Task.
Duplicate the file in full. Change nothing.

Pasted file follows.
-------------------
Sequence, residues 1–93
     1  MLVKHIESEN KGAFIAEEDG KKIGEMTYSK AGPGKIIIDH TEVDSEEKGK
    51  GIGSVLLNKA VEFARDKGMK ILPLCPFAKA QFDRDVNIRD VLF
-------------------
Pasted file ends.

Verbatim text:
Sequence, residues 1–93
     1  MLVKHIESEN KGAFIAEEDG KKIGEMTYSK AGPGKIIIDH TEVDSEEKGK
    51  GIGSVLLNKA VEFARDKGMK ILPLCPFAKA QFDRDVNIRD VLF